Friday 7 April 2017

Tudor sculpting conversions & first foray into casting

Here's the latest addition to my Tudor Army, a rather stout looking standard bearer.

This conversion follows what has become a fairly standard method for me; the use of an existing torso and legs as a dolly over which a base coat is sculpted ready for the addition of plastic arms, head and equipment.

I have usually used a plastic Perry figure as a dolly but this figure represents a rather interesting twist.

Oliver James of Steelfist Miniatures got in touch with me a while back for some assistance in finding Landsknecht source material for his latest Gendarmes & Landsknecht Kickstarter which I'm happy to say achieved funding today.

In putting the Landsknechts together Oliver first created some dollies in various advancing poses and he kindly sent me a set to experiment with.

These were a step up for me as the torso had to be built up which took a little while to master with trial and error. After a few weeks I had created the figure above, here's a pre-painted shot;

This tested my ability considerably but I was very pleased with the result, the only problem was that it took quite a while to do, as they all do. However with a metal dolly I now had the option to get something cast so with permissions sought that's what I'm embarking upon.

Here's the first set of converted dollies;

They're all wearing a skirted base coat with the exception of the last figure on the right which is in a jacket. Each has a belt and is wearing oxmuhle shoes typical of the period. The shoulders and head sockets are modelled to take the arms and heads from the Perry plastic sets.

Once cast all I'll need to do is add the arms, head, and sword, sculpt the top sleeve of the basecoat and they're ready for painting - this will save me considerable time in bringing my existing ranks firmly into the early sixteenth century.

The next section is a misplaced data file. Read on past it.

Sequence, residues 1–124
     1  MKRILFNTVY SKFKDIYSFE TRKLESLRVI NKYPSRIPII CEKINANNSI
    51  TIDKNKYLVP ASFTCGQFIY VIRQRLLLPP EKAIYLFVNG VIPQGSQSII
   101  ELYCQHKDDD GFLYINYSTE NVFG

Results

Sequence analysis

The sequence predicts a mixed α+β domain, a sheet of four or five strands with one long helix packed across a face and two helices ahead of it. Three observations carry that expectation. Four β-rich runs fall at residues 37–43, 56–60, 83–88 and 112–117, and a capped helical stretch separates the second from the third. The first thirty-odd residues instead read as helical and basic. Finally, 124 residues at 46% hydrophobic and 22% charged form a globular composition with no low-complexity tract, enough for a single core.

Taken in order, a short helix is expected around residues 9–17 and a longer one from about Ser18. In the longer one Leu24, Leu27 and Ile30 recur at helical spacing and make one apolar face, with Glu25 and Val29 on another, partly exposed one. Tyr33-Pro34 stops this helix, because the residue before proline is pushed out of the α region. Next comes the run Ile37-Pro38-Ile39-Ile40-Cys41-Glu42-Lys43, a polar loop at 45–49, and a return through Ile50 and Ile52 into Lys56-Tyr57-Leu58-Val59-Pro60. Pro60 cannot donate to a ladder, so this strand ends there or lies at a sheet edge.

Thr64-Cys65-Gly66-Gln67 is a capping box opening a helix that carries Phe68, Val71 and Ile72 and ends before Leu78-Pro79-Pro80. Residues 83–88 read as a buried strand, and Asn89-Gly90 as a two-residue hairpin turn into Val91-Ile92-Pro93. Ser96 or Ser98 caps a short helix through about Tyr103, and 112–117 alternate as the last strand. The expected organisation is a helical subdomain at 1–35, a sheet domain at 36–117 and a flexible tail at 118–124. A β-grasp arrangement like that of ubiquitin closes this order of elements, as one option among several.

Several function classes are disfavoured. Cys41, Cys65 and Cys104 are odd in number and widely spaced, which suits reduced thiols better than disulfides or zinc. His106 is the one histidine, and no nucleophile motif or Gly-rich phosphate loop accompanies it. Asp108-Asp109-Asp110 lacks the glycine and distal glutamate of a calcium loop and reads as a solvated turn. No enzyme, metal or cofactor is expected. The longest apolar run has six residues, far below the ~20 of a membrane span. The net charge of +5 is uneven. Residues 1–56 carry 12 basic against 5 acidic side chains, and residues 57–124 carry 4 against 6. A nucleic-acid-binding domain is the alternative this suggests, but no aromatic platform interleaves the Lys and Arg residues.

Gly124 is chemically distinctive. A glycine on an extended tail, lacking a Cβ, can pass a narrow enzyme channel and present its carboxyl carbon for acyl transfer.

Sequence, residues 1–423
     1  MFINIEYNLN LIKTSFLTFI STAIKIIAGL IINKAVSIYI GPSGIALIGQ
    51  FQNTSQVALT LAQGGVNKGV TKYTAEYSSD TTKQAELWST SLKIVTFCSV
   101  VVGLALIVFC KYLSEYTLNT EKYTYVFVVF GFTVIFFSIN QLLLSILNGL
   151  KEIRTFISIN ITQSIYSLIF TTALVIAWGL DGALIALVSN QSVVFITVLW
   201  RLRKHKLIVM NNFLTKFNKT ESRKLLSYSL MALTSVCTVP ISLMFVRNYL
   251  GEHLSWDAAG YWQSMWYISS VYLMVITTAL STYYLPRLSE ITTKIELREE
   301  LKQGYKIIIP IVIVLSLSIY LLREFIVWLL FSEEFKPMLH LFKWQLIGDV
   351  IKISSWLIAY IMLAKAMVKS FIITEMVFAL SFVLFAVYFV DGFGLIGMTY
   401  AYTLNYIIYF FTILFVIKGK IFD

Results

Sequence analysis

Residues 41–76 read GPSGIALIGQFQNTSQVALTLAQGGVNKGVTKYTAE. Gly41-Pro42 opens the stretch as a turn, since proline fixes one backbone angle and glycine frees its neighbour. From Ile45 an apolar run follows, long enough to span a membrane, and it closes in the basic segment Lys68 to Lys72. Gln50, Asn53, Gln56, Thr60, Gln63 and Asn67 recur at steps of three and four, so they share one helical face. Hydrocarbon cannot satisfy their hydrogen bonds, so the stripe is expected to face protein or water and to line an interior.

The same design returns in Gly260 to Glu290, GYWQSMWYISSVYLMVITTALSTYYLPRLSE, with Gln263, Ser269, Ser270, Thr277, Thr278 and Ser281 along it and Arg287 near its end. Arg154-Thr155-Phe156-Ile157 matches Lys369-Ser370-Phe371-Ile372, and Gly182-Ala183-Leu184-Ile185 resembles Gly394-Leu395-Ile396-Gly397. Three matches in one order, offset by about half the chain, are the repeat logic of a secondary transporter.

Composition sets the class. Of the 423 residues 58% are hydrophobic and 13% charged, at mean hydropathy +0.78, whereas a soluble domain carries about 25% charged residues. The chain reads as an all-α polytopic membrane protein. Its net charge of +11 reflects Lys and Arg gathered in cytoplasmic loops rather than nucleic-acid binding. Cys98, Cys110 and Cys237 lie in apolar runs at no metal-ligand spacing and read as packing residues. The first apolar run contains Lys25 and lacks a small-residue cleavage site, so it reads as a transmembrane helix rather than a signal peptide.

As the dollies were in an advancing pose I built these figures up with the intention of using them as Tudor billmen;

I'll be doing a fairly limited run initially to enable me to update my collection and we'll have to see what comes next, I'm already considering getting some standing dollies made to convert in the same way for Longbowmen.

Though these were not conceived as commercial there's always the option of getting more cast so let me know if that's of interest.

I'll have to see how they come out and paint up first but it's looking good so far.

Bye for now



  1. Love the standard bearer, and great use of the GW head.

    The greens are superb - they open up options for all sorts of early 16th century infantry! To say I was interested in some of these castings would be a massive understatement!

  2. Very cool, my first thought half way though reading this was, "I wounder if he will do a group up for longbow men."
    Which you seem to be keen on. Get some hand gunners and you will have a pretty complete range set up.

  3. Standard bearer is superb! I will be watching developments quite closely.

  4. Your latest addition is absolutly splendid, outstanding details!

  5. Nice sculpts - they are a game-changer for your early Tudors (raising that high bar even further!). Am sure others will want to buy body castings and convert.

  6. I'd be interested Stuart.

  7. You keep amazing me with your lovely conversions...great work!

  8. I'd be most interested Stuart.

  9. Great looking standard bearer, very interesting torso work too!
    Best Iain

  10. Really cool. Have you got any tips for mold making and mold making supply as well?

    1. Thanks Michael, I'm afraid not, my mold making forays have only been in making press molds of small items - bags, caps and the occasional head. For those I've used Siligum which has achieved reasonably good results when using green stuff as the medium. I haven't tried anything in metal.